Princeton Charter School (PCS) starts the New Year with a Day of Service project that will culminate on Martin Luther King Jr. Day later this month. Students, parents, and faculty are “paying it forward” with a unique project that aims to build independent reading libraries for classrooms in need.
Starting the week of January 13, the school will be collecting new and used books from its students. The donated books will be sorted by reading level, labeled by genre, and then packed into boxes for delivery to eligible faculty for use in their classrooms. When opened, the boxes will provide mini classroom libraries and instant access to “kid-read and approved” books.
This unique approach to sharing is the brainchild of PCS English teacher Laurie Ludgin who realized that there was a need for in-classroom libraries while attending a professional development conference offered by The Reading and Writing Project of Teachers College, Columbia University.
During one conference session, recalled Ms. Ludgin, a fellow participant asked Presenter Lucy Calkins, director of The Reading and Writing Project, “What do I do if I don’t have a classroom library?”
Ms. Calkins’s response was simple, bold and to the point. She said: “You change schools. You can’t teach students to read, if you don’t have books in your classroom.” The effect of Ms. Calkins’s words on the PCS teacher was immediate. Ms. Ludgin was inspired to begin the work of getting independent reading libraries into the hands of dedicated teachers so that they can open the world of reading for their students.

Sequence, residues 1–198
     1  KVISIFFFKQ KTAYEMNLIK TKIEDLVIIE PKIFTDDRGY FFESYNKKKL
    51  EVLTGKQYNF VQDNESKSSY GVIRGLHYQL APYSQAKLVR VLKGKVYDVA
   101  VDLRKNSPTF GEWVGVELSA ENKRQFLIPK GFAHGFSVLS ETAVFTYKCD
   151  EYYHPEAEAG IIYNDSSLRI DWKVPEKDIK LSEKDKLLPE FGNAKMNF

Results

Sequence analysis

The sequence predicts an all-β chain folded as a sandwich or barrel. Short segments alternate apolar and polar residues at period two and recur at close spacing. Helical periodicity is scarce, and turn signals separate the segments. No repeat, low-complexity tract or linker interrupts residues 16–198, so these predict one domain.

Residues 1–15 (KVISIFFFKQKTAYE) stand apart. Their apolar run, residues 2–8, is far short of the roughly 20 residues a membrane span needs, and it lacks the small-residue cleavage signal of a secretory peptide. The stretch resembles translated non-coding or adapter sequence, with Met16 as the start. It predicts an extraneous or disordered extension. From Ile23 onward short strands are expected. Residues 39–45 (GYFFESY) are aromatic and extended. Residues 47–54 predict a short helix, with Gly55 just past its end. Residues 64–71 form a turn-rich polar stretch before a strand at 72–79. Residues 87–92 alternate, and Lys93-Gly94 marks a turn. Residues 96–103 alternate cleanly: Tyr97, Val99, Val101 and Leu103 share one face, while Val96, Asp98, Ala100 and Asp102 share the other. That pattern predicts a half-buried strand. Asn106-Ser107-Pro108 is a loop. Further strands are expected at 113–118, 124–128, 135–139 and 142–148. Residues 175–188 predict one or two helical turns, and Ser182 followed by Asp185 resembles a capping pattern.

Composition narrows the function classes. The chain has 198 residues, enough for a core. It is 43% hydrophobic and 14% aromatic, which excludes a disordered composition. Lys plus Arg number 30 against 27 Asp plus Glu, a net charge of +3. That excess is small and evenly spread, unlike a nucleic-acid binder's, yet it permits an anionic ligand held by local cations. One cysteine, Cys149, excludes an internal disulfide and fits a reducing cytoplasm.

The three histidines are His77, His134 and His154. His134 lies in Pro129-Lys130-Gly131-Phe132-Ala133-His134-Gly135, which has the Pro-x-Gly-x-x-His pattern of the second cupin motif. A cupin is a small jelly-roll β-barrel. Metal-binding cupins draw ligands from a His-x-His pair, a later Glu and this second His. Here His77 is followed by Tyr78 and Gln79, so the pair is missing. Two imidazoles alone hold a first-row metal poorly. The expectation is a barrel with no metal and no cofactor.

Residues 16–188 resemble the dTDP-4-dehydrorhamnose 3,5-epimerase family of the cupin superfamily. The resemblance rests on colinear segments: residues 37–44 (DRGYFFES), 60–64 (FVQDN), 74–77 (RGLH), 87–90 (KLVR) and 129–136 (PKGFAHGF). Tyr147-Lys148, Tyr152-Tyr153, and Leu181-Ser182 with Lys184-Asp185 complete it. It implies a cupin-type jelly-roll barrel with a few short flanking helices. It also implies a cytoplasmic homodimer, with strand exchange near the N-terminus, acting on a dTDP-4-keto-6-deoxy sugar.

“Not every school has a library and this is a way for children to share books that they love with others,” said Ms. Ludgin. “I know from my own classroom that students love to pass along books to younger students. They will often write notes in the front of the book for future readers. This effort is a way to build a community of readers and we are collecting books from pre-K through 6th grade.” According to Ms. Ludgin, now in her fourth year at PCS, favorite authors include Judy Blume (Are You There God? It’s Me, Margaret), Mary Pope Osborne (Magic Tree House series), Eric Carle (The Very Hungry Caterpillar), Dan Gutman (My Weird School series) and Patricia MacLachlan (Sarah Plain and Tall).”
“Laurie Ludgin is such an inspiration, a fantastic English teacher and someone who models the ideal qualities one wants in a teacher: commitment to her discipline, compassion for students, and the organizational skills to put a project like this in motion,” commented Assistant Head of School Lisa Eckstrom.
“We hope that [this] will become an annual event and that it will grow and grow,” she said. “We’ll be collecting, sorting, and then donating books for young readers to a school with very few resources. The idea is to sort books by categories and reading level to make it very simple for our sister school to put the books to use.”
“Princeton is such a book loving town and this project says a lot about who we are. It involves a direct teacher to teacher transfer so that nothing is going to get lost or sit in a warehouse. We’re very excited about it,” said Ms. Eckstrom.
The Princeton Charter School is located at 100 Bunn Drive in Princeton. Registration for the entrance lottery ends on Monday, January 6, at noon.
For more information, call (609) 924-0575, or visit: www.princetoncharter.org.